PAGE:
Bun­dled-pay­ment demo ad­vo­cates push for­ward de­spite chal­lenges

Pay­ment-re­form de­mos ad­vance de­spite ob­sta­cles

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Launched with a cam­paign that sought to set the world on fire, the ini­tial pi­lots us­ing the Prometheus bun­dled-pay­ment model found them­selves strug­gling to get started as im­ple­men­ta­tion proved to be as tor­tur­ous as the project’s acro­nym.

With a $6 mil­lion Robert Wood John­son Foun­da­tion grant it re­ceived in 2007, the Health Care In­cen­tives Im­prove­ment In­sti­tute de­vel­oped Prometheus, which stands for “Provider pay­ment Re­form for Out­comes, Mar­gins, Ev­i­dence, Trans­parency, Has­sle-re­duc­tion, Ex­cel­lence, Un­der­stand­abil­ity and Sus­tain­abil­ity.” The con­cept in­volves cre­at­ing ev­i­dence-in­formed case rates, or ECRS, to cal­cu­late the cost of care episodes with prob­a­bil­ity risks taken on by pay­ers and tech­ni­cal risks—those de­ter­mined to be within a provider’s con­trol—be­ing shoul­dered by providers.

Last Novem­ber, health pol­icy jour­nal Health Af­fairs pub­lished a RAND Corp. re­port not­ing that, as of May 2011, no con­tracts had been signed, no bun­dled pay­ments had been made, and im­ple­men­ta­tion was full of un­fore­seen chal­lenges—mostly be­cause of the com­plex­ity of the pay­ment method­ol­ogy. Yet de­spite this, par­tic­i­pants be­lieved the pro­gram would even­tu­ally re­sult in re­duced costs.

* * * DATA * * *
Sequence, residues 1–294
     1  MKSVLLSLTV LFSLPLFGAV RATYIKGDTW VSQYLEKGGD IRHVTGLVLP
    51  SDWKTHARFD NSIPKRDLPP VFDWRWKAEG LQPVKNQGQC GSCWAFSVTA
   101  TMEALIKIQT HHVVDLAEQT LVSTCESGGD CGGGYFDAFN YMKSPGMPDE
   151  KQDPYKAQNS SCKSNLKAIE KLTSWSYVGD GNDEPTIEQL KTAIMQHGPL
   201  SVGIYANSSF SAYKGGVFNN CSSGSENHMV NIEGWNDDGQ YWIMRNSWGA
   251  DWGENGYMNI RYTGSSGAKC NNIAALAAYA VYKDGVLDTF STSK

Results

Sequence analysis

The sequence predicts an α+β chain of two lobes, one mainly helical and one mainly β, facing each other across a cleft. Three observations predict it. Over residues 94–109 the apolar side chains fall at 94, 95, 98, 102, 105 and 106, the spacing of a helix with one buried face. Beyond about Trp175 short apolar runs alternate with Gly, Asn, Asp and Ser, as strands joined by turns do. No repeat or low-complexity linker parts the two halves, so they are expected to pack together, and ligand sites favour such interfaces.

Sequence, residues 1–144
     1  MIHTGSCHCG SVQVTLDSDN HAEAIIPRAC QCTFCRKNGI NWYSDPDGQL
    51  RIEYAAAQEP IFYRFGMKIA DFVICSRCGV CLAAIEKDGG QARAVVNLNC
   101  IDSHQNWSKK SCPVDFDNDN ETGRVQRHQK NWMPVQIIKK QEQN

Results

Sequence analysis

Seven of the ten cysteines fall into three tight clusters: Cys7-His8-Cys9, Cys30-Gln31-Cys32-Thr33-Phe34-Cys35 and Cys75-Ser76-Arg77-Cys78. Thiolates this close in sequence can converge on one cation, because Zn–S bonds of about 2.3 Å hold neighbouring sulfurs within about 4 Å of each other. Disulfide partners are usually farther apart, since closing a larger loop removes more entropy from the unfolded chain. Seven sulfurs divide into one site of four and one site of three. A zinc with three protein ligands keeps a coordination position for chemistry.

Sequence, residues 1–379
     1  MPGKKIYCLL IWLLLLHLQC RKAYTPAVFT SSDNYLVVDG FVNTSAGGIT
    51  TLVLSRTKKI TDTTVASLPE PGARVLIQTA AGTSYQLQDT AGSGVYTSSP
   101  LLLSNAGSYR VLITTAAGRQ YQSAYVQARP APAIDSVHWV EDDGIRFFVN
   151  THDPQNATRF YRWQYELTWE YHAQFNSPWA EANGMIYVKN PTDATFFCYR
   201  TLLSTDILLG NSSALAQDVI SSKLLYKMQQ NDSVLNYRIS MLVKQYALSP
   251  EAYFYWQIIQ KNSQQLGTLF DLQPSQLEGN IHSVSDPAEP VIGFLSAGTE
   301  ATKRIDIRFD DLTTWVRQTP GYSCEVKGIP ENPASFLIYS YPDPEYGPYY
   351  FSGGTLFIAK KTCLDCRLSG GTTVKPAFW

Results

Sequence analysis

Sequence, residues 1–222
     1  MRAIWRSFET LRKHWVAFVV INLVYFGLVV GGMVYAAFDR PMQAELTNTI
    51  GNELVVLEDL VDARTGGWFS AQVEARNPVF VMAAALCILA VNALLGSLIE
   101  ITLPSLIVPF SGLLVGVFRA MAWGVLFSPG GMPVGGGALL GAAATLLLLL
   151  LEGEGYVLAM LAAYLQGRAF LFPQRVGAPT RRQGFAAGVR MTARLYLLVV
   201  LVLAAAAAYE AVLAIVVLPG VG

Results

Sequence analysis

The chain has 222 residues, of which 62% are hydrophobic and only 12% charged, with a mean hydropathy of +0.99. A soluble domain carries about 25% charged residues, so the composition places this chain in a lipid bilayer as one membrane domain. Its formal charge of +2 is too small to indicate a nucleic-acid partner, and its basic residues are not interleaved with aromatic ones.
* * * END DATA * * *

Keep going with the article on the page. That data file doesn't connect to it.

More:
And, while lessons have in­deed been learned and ob­sta­cles to im­ple­men­ta­tion re­moved, the re­port’s au­thors con­cluded that de­lays as­so­ci­ated with the use of claims data and the time needed to learn and use the com­plex Medas- sets’ Episode of Care En­gine com­puter sys­tem “are likely to be ex­pe­ri­enced” by new Prometheus par­tic­i­pants.

Fran­cois de Brantes, the in­sti­tute’s ex­ec­u­tive di­rec­tor who has su­per­vised the Prometheus pi­lot im­ple­men­ta­tions, ve­he­mently dis­agrees.

“It’s ab­so­lutely un­true,” de Brantes says, ex­plain­ing how the quick im­ple­men­ta­tions with the sec­ond-round pi­lots in North Carolina and Wis­con­sin “com­pletely con­tra­dict” the Health Af­fairs state­ment that even those who learn from his­tory are still doomed to re­peat it.

Up and run­ning

Ac­cord­ing to de Brantes, the CEOS at Blue Cross and Blue Shield of North Carolina and Caromont Health im­ple­mented a knee-re­place­ment pro­gram, worked out con­tracts and set bun­dled prices and risk-shar­ing agree­ments within four months. In Wis­con­sin, An­them Blue Cross and Blue Shield and the Robert Wood John­son Foun­da­tion’s Align­ing Forces for Qual­ity ef­fort worked out their own knee-re­place­ment pro­gram with in­ter­ested providers in nine months. (A di­a­betes pro­gram is still in the works.)

“Where there’s CEO en­gage­ment, things are tak­ing off,” de Brantes says, adding that, with­out that en­gage­ment, “it’s a heav­ier lift.”